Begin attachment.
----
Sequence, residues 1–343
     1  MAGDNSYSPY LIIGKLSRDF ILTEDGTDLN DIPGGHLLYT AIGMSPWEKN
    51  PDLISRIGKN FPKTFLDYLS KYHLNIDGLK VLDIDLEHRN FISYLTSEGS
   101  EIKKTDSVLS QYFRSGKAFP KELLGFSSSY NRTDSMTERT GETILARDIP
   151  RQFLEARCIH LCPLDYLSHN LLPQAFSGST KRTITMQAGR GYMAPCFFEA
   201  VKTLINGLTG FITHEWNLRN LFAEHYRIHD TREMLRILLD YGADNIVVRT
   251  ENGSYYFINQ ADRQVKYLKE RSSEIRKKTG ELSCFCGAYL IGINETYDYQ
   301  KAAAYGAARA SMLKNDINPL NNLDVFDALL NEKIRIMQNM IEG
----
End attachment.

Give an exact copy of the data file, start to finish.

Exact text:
Sequence, residues 1–343
     1  MAGDNSYSPY LIIGKLSRDF ILTEDGTDLN DIPGGHLLYT AIGMSPWEKN
    51  PDLISRIGKN FPKTFLDYLS KYHLNIDGLK VLDIDLEHRN FISYLTSEGS
   101  EIKKTDSVLS QYFRSGKAFP KELLGFSSSY NRTDSMTERT GETILARDIP
   151  RQFLEARCIH LCPLDYLSHN LLPQAFSGST KRTITMQAGR GYMAPCFFEA
   201  VKTLINGLTG FITHEWNLRN LFAEHYRIHD TREMLRILLD YGADNIVVRT
   251  ENGSYYFINQ ADRQVKYLKE RSSEIRKKTG ELSCFCGAYL IGINETYDYQ
   301  KAAAYGAARA SMLKNDINPL NNLDVFDALL NEKIRIMQNM IEG